Choice Solves Chaos


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By Tanya Ruckstuhl LICSW

The holiday season is upon us. I haven’t even finished shopping or inviting guests over and I’m already fatigued. I have social engagements for five out of seven evenings this week.  I’m also trying to bake a vat of coconut maple granola to give away.

Between going out for dinner with friends, dragging my kids to wholesome seasonal activities that they grudgingly tolerate, and generally attempting to trip the light fantastic, I will be sucking down a nontrivial amount of caffeine to counterbalance the exhaustion of social overstimulation.  Technically I don’t have to socialize like a Hollywood coke fiend or bring the kids to hear a sixteenth century Viennese Pianoforte, see zoo lights and visit downtown for the gingerbread house display. I want to do all these things.

A friend once told me about a little known category called an “ambivert” which is a person with equal extroverted and introverted traits.  That pretty much sums me up, as well as a lot of folks I know. On vacations, my favorite part is hanging out at the hotel room with my sweetie, a book and a cup of tea after sightseeing and before dinner.  I wouldn’t want to spend the whole day cooped up inside, but the counterbalance of explore-retreat lends adventure a cozy perfection.

Here I am in middle age and I still haven’t figured out the whole-life pacing thing, but I am starting to understand my need for variety and balance.  In my work as a therapist I’ve noticed that we course correct all the time. Work too much and you miss your kids. Work too little and you lose your sense of contribution. Exercise too much and you get obsessed and become rather boring company. Exercise too little and you become lethargic (and rather boring as well.)

Mental health is noticing when and where we are out of balance, and to GENTLY bringing ourselves back in alignment with our obligations, energy, and interests.  Gently means not talking meanly to ourselves, while still being honest and affirming choice. In truth, have too many plans this week, but I still have choices: I can enjoy it or just deal with it or I can cancel/reschedule/leave early. When we assert choice (I want to do all these things) we are less likely to fall into resentment, irritability or self pity.

Now I have to go. The granola baking/gift wrapping/hair curling requirements of this evening’s festivities hum an urgent tune.

 

 

 

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Options = Hope


By Tanya Ruckstuhl-Valenti LICSW, MSW

 

Holidays are a strange time of the year.  We all have these Norman Rockwell-type images floating around in our heads.  Our holiday fantasy usually looks something like this:  Families gathered snugly together to feast on delicious food, sharing laughter and drinks and great feeling of merriment, joyful holiday music in the background, beautiful decorations to delight the eye, and (miraculously mute) children frolicking in the yard contentedly.   

Unfortunately the reality is sometimes more like this: socially awkward moments of feeling disconnected to the very people we feel we “should” be most connected to, food that is either not that great tasting or so good as to inspire overeating as a coping mechanism to counter act anxiety, warring agendas regarding what to watch on television, cranky children, drunken family members, one person loudly obsessing about when precisely the pie should have but did not come out of the oven, another trying to sell memberships in their new Ponzi scheme.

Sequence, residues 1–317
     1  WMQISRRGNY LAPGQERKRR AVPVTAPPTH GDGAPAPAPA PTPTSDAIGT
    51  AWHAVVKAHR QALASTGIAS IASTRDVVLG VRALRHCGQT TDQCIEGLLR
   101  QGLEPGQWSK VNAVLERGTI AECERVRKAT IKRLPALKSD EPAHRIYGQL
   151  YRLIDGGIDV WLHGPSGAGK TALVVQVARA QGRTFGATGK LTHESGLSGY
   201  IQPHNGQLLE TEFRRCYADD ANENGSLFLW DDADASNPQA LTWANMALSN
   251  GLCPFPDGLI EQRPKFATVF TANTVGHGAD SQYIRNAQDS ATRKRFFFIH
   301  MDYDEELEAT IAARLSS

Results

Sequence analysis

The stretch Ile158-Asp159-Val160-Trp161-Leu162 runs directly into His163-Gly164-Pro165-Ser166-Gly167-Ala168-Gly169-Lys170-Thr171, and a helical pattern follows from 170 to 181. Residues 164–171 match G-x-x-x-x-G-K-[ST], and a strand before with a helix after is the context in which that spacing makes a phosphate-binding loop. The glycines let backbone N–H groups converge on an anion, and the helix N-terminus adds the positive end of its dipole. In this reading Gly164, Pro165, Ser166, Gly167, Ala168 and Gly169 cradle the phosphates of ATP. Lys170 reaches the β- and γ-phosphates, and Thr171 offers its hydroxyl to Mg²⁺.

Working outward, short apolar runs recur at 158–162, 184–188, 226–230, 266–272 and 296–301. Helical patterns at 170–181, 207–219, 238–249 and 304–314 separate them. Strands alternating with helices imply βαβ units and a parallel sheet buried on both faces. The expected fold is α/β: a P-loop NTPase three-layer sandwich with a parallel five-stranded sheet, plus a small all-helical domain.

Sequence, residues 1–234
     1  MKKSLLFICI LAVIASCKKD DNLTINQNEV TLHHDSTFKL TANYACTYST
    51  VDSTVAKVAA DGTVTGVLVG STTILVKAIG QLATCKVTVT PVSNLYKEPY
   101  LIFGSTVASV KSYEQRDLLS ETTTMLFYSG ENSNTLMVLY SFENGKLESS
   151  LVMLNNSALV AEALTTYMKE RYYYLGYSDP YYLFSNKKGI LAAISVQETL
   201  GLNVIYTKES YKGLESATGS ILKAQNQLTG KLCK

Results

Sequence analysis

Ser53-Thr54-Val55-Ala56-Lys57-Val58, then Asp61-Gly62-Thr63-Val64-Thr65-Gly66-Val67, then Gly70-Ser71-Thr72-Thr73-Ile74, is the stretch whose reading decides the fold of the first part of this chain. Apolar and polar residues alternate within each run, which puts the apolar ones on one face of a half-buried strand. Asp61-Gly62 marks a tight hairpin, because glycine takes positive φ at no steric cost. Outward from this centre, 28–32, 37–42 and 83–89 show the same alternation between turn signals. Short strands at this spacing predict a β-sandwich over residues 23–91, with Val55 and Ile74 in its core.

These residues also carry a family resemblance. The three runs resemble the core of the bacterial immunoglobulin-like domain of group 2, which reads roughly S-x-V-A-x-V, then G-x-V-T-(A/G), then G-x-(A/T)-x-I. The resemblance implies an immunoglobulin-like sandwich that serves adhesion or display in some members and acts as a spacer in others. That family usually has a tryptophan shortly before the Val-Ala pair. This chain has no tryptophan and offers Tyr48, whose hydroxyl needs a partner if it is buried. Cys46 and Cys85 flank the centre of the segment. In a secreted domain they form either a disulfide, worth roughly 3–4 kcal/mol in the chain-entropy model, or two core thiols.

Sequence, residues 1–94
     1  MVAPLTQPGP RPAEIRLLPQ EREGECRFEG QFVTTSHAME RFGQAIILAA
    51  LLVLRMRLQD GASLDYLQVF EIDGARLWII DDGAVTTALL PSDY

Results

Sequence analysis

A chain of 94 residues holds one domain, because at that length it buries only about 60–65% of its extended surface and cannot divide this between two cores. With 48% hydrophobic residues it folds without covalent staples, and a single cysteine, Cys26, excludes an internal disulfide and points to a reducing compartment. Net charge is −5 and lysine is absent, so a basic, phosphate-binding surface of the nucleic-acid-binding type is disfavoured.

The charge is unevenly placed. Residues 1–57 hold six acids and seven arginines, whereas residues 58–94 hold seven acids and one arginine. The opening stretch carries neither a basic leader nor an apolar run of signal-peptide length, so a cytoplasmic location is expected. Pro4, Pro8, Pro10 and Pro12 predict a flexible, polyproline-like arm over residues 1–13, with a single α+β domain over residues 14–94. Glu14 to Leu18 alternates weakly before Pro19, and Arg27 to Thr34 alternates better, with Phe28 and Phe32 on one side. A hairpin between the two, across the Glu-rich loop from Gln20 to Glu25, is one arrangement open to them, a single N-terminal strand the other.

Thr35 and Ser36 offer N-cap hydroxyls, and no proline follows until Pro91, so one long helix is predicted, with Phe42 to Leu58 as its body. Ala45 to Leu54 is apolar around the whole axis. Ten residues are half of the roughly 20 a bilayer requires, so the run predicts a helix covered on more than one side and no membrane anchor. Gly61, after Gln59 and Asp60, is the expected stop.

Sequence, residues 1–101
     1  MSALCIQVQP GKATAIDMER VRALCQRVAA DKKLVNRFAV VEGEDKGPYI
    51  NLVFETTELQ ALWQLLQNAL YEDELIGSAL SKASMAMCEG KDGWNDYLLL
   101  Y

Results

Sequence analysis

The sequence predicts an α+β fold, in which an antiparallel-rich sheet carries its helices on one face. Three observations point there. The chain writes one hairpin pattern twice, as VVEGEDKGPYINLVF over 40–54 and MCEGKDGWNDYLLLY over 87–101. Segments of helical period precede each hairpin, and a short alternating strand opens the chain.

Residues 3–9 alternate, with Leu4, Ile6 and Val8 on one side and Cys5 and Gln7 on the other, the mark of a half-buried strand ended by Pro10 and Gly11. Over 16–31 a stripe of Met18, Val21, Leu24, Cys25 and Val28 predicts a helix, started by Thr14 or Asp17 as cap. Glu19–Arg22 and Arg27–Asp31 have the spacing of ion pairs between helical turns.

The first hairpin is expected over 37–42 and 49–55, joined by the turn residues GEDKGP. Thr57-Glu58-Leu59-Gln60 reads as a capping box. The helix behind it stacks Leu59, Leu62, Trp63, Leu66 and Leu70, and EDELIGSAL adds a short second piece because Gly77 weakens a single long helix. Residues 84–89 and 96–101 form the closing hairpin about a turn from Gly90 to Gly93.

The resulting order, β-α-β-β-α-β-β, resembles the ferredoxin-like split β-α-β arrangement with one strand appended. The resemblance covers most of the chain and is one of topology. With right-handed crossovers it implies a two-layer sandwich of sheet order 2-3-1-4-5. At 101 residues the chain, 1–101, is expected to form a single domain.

And even more difficult still is going through the holiday season without having a crazy family to be annoyed by.  People who are alone during the holidays often feel like The Little Match Girl, outside in the cold watching those lucky souls in warm and comfortable houses.  It’s one thing to be driven nuts by people who know you, but harder yet to be surrounded by the festive fervor and to feel isolated from it at the same time. 

Ah, the holidays!  It’s no wonder that depressed people get more depressed and anxious people get more anxious inside the twin pressure cookers of expectation and disappointment. 

Imagine buying a lottery ticket and telling yourself, “I absolutely must win and when I do I’m going to buy a cruise ship and a pony and if this ticket is not a winner I am a total loser.”  Can you recognize how unlikely a pleasing outcome would be? 

Regardless if you have crazy family members who make you wish to be an orphan or no family and are facing the challenge of how to fill the hours, the most important mental health booster you can engage in during this time of year is to focus on cultivating the little pleasures that you can be in charge of. 

For myself, I like to listen to schmaltzy Christmas CD’s, make lavender scented bath salts for my friends, assist my children in making hideously ugly gingerbread houses (they keep getting uglier each year: pretty soon we’ll be using them as Halloween decorations).  This year I’m adding going out dancing with some mom-friends to my holiday traditions. 

There are endless activities and rituals that can help you experience the expansive joy that holidays are all about, or to reconnect with your inner calm.  One of my friends goes out of town each year with her family so they can focus on sharing experience rather than things.  Another increases her twelve-step meeting attendance so she can surround herself at least part of the time with people who understand and support her recovery.  Another one volunteers at a soup kitchen to remind herself that service work is the best antidote to depression. 

Whatever helps you find your own sense of balance within the mad tornado of expectations and obligations—or within the empty time and loneliness—remember that you have options…and that as long as there are options, there is hope!